tobi · 2015-01-17 12:46:37 3

  • 1
    expr `find . -type f -printf "%s + "0`
    sraeder · 2011-02-13 00:03:31 0
  • Take a screenshot every 2 seconds and save it as a png file


    1
    i=0;while :; do i=$(expr "$i" + 1); scrot "$i".png; sleep 2; done;
    scripteles · 2011-05-27 00:25:28 0
  • command was too long... this is the complete command: fname=$1; f=$( ls -la $fname ); if [ -n "$f" ]; then fsz=$( echo $f | awk '{ print $5 }' ); if [ "$fsz" -ne "0" ]; then nrrec=$( wc -l $fname | awk '{ print $1 }' ); recsz=$( expr $fsz / $nrrec ); echo "$recsz"; else echo "0"; fi else echo "file $fname does not exist" >&2; fi First the input is stored in var $fname The file is checked for existance using "ls -lart". If the output of "ls -lart" is empty, the error message is given on stderr Otherwise the filelength is taken from the output of "ls -lart" (5th field) With "wc -l" the number of records (or lines) is taken. The record size is filelength devided by the number of records. please note: this method does not take into account any headers, variable length records and only works on ascii files where the records are sperated by 0x0A (or 0x0A/0x0D on MS-DOS/Windows). Show Sample Output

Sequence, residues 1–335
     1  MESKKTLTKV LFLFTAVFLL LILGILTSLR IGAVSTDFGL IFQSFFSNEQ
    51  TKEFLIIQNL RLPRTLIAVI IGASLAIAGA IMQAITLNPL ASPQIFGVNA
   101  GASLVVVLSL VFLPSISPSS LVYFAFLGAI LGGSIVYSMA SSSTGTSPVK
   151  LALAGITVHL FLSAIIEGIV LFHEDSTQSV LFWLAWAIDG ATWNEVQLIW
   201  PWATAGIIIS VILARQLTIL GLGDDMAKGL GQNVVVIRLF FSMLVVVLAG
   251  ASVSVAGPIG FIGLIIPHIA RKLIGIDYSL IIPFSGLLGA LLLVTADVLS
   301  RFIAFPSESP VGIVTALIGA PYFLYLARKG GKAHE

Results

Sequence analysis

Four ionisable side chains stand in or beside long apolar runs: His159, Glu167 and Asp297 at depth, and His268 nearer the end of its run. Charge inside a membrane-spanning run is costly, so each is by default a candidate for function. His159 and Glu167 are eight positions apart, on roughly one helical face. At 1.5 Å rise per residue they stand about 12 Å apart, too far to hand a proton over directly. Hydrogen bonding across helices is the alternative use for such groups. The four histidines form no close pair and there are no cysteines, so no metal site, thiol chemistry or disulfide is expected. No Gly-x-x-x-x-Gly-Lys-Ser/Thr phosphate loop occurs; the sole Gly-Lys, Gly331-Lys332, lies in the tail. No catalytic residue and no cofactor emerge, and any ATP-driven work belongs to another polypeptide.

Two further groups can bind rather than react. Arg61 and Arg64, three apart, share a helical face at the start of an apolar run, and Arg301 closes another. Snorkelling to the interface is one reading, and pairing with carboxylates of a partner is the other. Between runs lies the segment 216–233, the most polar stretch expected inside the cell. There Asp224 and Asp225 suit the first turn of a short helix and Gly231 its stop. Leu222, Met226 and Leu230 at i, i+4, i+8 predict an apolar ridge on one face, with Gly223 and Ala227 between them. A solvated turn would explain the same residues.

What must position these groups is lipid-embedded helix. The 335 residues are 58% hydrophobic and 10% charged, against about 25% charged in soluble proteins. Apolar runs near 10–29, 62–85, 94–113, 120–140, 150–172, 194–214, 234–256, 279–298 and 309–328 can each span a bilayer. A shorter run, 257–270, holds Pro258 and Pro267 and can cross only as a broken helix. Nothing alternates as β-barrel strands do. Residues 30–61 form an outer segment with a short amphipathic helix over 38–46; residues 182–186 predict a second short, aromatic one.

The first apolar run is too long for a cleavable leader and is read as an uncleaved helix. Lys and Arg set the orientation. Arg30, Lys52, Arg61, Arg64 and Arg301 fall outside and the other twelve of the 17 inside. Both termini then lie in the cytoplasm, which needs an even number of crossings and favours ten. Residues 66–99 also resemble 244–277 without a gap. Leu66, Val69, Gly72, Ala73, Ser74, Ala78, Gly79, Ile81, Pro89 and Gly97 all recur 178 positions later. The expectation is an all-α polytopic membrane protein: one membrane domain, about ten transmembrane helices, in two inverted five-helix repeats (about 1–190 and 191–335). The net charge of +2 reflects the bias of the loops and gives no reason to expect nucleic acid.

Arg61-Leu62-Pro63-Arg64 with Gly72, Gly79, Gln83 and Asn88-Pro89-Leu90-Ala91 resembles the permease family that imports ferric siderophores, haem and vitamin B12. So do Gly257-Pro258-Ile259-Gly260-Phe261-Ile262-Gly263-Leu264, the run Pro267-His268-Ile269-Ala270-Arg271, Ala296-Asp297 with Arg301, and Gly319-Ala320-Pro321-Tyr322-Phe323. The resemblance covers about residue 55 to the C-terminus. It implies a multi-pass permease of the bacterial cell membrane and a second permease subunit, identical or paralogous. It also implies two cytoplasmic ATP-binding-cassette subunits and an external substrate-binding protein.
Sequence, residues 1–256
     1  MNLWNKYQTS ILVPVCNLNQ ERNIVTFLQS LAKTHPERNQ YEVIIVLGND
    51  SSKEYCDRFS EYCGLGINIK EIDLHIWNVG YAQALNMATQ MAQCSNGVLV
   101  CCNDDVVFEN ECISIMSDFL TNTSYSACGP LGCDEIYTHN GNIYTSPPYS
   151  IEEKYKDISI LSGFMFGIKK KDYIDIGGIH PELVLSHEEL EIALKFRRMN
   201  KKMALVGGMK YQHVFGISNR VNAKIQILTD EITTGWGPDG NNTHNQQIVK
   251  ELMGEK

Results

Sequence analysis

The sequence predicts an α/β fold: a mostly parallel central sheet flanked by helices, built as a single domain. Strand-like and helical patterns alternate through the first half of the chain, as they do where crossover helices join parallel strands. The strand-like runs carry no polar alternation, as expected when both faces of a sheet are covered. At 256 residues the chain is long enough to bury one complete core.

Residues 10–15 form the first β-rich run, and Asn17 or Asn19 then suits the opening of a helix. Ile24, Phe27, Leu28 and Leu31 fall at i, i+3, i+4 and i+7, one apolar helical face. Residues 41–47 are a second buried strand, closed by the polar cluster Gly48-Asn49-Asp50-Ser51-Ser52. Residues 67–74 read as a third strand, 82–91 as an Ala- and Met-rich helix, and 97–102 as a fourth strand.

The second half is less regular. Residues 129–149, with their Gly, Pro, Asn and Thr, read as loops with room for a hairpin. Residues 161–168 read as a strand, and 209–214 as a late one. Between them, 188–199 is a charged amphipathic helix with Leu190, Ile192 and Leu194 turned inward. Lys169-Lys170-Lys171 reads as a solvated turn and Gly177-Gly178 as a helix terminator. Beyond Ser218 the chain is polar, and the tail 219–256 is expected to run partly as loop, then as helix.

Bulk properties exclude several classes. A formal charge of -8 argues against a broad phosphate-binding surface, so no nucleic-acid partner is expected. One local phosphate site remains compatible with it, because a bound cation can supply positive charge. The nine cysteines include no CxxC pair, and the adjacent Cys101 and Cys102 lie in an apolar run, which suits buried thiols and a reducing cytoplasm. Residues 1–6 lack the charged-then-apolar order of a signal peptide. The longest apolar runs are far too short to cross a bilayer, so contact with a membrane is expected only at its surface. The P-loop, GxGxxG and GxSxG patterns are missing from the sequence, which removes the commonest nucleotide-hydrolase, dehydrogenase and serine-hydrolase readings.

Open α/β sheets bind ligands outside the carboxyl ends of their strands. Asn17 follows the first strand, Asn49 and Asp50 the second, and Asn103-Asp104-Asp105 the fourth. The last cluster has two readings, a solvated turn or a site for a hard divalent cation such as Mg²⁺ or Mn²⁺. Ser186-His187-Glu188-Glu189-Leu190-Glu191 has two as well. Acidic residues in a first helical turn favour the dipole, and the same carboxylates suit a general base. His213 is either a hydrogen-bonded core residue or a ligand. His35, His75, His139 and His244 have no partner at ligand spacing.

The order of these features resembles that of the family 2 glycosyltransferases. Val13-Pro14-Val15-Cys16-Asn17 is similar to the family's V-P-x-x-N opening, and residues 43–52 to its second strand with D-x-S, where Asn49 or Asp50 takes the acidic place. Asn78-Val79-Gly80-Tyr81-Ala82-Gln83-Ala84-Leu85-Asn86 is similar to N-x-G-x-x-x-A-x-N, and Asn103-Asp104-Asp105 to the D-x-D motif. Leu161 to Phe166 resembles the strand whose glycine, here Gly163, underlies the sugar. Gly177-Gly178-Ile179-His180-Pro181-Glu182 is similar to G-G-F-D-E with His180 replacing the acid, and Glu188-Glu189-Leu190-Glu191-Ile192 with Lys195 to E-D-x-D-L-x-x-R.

0
    fname=$1;f=$(ls -la $fname);fsz=$(echo $f|awk '{ print $5 }');nrrec=$(wc -l $fname|awk '{ print $1 }');recsz=$(expr $fsz / $nrrec);echo "$recsz"
    vuurst · 2010-09-14 08:40:22 0

  • 0
    expr `echo "123671" | sed -e 's/[0-9]/ + &/g' -e 's/^ +//g'` 20
    maher · 2012-06-24 23:12:30 0